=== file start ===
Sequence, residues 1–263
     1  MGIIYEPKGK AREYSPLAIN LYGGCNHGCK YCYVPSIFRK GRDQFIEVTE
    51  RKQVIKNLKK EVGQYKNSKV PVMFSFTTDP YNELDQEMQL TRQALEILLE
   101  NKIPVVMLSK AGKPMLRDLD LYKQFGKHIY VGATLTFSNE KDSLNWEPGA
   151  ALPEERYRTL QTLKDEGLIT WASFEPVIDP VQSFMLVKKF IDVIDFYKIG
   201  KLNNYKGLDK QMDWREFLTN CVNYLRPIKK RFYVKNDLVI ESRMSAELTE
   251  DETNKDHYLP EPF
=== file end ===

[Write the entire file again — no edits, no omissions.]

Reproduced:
Sequence, residues 1–263
     1  MGIIYEPKGK AREYSPLAIN LYGGCNHGCK YCYVPSIFRK GRDQFIEVTE
    51  RKQVIKNLKK EVGQYKNSKV PVMFSFTTDP YNELDQEMQL TRQALEILLE
   101  NKIPVVMLSK AGKPMLRDLD LYKQFGKHIY VGATLTFSNE KDSLNWEPGA
   151  ALPEERYRTL QTLKDEGLIT WASFEPVIDP VQSFMLVKKF IDVIDFYKIG
   201  KLNNYKGLDK QMDWREFLTN CVNYLRPIKK RFYVKNDLVI ESRMSAELTE
   251  DETNKDHYLP EPF